In the 18th century, the first men embarked on large sailing ships in search of whales they could capture and then melt their fat and turn it into oil that was used for lighting.
In the 19th century, the North American ships that frequently passed through the Azores in search of shelter and supplies gave rise to many Azorean men leaving for the USA looking for a better future than that which the crisis in the Azores allowed. In the US, these men learned refined techniques for whaling, returning later to start the whaling industry in the Azores.
Between 1896 and 1949, the use of large whaling ships was replaced by coastal whaling, as many sperm whales were found close to the Azorean coasts. Viewpoints were also introduced on land to locate the animals, which they reached in fast paddle-powered canoes. Although the capture method is essentially artisanal, with manual harpooning, thousands of whales were captured. However, in the 1960s, the decline in whaling began and everything started to change.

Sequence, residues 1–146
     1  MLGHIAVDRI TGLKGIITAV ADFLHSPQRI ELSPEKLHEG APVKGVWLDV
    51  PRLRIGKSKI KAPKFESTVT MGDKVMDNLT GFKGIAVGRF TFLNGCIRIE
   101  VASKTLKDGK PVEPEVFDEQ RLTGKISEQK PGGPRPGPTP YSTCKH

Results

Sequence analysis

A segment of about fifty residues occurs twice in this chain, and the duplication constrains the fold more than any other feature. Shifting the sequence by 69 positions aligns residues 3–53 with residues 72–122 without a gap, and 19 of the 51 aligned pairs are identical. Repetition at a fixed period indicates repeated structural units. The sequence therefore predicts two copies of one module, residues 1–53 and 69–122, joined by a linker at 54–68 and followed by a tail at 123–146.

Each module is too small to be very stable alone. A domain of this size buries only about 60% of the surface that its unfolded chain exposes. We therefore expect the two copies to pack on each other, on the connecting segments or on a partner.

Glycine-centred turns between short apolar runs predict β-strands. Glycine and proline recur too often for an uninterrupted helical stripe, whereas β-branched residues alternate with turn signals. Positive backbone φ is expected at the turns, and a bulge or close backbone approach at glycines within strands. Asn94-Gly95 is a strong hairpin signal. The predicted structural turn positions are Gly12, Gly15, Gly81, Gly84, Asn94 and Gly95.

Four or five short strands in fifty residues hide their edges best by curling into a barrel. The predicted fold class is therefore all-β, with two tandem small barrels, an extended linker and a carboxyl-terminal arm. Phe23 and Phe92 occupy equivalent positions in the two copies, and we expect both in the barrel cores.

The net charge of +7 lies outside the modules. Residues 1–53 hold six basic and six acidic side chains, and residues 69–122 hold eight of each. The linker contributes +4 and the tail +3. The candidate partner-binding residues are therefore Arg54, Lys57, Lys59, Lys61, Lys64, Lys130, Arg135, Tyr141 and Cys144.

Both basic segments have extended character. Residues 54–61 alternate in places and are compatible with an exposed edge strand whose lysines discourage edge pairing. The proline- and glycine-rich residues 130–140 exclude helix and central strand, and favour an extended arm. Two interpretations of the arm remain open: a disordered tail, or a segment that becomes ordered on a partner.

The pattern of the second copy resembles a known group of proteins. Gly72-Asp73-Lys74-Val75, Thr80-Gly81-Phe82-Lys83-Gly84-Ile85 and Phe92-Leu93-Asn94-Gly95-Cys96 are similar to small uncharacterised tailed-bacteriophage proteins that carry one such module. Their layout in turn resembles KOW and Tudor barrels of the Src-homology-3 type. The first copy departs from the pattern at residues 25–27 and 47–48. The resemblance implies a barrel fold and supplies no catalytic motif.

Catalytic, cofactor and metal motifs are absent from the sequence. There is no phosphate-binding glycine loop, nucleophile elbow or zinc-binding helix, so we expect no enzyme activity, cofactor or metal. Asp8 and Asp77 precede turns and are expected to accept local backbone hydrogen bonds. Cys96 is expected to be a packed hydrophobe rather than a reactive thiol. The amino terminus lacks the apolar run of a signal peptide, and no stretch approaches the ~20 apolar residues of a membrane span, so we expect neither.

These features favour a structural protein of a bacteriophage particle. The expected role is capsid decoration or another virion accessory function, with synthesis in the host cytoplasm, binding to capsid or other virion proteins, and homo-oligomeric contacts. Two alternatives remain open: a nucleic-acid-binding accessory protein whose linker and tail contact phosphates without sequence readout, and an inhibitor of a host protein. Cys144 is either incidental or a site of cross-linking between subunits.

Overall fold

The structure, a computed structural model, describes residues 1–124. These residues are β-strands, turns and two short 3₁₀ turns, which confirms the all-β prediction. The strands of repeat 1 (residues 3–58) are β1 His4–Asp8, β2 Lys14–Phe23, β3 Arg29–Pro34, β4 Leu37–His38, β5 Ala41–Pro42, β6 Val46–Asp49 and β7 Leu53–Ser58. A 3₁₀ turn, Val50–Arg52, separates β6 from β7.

In September 1979, the Convention on the Conservation of European Wildlife and Natural Habitats was signed in Berne to protect animal species and their habitats, and in 1986 entered in force the Moratorium of the International Whaling Commission, banning the capture of all species of marine mammals in Portuguese waters.
After this chapter in the history of whale hunting in the Azores, the first whale watching companies began to appear in the Azores and the old whaling boats were recovered and are now used in competitions.
Nowadays, the former whale factory on Pico Island is a museum of the whaling industry. The old viewpoints have been restored and are used by whale watching companies so that boats full of lovers of these species can reach them.
Whale watching is currently one of the most popular activities in the Azores and is considered a mandatory experience for anyone visiting the archipelago. The sperm whale and other species of cetaceans became a symbol, if not the symbol, of tourism and culture in the Azores.